"Maybe they're going to escort Delby to a hut with the same honors they paid us," suggested Tom. "If they do, we'll set off the fireworks as he comes out and maybe they'll think he is afflicted with bad magic, and they'll give us our freedom."

"Good idea!" cried Ned. "Say, that's what they're going to do," he added a moment later as, in the glare of a number of torches, there could be seen issuing from the king's palace, the two big giants, evidently his brothers. Between them was the figure of the circus man, looking like a dwarf. He was not so far away but what the smile of triumph on his face could be seen as he glanced in the direction of the darkened hut where Tom and his friends were captives.

"Now's our chance!" cried the young inventor. "Set 'em off, Ned. You help, Mr. Damon. The more noise and fuss we make at once, the more impressive it will be. Set off everything in sight!"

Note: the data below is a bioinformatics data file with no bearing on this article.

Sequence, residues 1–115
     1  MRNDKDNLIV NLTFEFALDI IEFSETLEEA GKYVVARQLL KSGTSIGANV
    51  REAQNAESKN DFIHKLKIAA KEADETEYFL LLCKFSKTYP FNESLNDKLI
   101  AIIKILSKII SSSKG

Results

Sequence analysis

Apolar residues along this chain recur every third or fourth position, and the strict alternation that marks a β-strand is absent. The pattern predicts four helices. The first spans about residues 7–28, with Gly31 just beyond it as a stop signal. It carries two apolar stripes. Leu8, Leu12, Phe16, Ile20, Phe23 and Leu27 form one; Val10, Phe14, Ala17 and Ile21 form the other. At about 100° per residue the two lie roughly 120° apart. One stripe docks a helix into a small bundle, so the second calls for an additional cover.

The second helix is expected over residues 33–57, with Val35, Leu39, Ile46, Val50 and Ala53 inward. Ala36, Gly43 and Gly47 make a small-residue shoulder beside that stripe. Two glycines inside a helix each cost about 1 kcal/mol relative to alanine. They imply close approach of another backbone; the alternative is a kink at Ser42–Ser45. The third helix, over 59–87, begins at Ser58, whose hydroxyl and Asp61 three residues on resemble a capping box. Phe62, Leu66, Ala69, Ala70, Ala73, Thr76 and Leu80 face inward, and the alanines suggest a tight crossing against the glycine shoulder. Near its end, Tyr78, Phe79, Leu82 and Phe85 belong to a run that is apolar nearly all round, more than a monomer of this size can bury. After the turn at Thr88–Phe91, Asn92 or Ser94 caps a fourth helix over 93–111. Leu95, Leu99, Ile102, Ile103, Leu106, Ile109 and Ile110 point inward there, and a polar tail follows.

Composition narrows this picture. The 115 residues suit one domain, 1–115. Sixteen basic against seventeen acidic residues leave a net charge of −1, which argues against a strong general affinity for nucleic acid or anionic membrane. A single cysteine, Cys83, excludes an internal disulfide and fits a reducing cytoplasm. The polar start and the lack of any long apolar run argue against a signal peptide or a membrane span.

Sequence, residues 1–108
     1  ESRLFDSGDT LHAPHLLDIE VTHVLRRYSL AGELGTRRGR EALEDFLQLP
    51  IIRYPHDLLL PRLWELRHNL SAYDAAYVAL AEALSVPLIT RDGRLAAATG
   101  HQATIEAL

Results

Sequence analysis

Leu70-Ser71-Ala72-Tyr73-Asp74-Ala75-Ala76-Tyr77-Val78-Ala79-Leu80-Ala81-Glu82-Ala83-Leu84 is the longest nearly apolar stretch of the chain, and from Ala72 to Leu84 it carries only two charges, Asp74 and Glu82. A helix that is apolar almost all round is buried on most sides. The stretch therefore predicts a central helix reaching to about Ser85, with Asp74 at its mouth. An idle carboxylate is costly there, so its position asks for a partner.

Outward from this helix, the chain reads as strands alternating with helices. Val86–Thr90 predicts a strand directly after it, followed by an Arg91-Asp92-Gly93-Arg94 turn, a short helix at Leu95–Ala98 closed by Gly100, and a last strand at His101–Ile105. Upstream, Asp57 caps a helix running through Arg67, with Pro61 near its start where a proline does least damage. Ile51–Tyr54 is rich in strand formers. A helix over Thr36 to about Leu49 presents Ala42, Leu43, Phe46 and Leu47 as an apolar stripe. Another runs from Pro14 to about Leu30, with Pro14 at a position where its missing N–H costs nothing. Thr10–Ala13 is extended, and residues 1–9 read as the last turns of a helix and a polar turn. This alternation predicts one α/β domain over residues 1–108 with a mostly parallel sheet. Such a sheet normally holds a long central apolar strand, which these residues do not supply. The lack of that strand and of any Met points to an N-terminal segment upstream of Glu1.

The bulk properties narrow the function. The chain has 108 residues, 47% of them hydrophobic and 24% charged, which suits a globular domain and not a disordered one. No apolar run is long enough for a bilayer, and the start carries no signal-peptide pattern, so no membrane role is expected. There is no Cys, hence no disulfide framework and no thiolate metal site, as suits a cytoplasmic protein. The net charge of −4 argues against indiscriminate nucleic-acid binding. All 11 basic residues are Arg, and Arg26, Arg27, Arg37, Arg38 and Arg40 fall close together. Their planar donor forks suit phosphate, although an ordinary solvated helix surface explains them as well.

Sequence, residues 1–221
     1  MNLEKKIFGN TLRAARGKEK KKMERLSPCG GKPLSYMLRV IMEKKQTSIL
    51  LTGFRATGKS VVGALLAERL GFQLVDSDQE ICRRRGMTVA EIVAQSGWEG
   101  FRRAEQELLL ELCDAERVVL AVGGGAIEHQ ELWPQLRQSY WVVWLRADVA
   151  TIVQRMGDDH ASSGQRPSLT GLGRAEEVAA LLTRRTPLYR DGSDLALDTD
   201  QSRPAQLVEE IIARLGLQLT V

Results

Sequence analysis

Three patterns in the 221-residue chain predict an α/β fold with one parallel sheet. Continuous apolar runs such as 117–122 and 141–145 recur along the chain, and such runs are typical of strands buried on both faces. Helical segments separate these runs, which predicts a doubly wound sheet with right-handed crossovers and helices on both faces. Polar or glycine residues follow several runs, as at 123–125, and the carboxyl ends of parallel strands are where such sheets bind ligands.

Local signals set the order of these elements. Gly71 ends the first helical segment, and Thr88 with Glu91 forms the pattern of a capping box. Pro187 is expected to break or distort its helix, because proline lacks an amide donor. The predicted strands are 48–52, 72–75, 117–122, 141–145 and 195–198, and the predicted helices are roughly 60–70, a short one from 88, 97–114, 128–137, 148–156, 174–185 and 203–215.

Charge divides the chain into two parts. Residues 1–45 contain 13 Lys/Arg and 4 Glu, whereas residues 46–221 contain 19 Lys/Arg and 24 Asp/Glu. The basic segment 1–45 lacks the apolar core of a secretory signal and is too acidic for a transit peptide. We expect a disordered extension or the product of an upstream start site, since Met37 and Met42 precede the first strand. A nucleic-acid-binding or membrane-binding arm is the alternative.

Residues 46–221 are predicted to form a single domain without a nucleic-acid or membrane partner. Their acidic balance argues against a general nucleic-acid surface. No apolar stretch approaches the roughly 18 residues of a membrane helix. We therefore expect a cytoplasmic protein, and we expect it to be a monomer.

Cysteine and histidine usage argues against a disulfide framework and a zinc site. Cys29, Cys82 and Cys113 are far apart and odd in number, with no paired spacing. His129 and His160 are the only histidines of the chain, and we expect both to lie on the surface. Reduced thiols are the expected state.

There was a flicker of matches as they were applied to the fuses, and then a splutter of sparks. An instant later it seemed as if the whole heavens had been lighted up.

Sky rockets shot screaming toward the zenith, aerial bombs went whirling slantingly upward amid a shower of sparks, then to burst with deafening reports, sending out string after string of colored lights. Red and green fire gleamed, and the hot balls from Roman candles burst forth. There was a whizz, a rush and a roar. Blinding flashes and startling reports followed each other as Tom and his friends set off the fireworks. It was like the Independence Day celebration of some little country village, and to the simple giants it must have seemed as if a volcano had suddenly gone into action.

For several minutes the din and racket, the glare and explosions, kept up, pouring out of the big window of the hut. And then, as the last of the display was shot off, and darkness seemed to settle down blacker than ever over the giant village, there arose howls of fear and terror from the big men and their women and children. They cried aloud in their thunderous voices, and there was fear in every cry.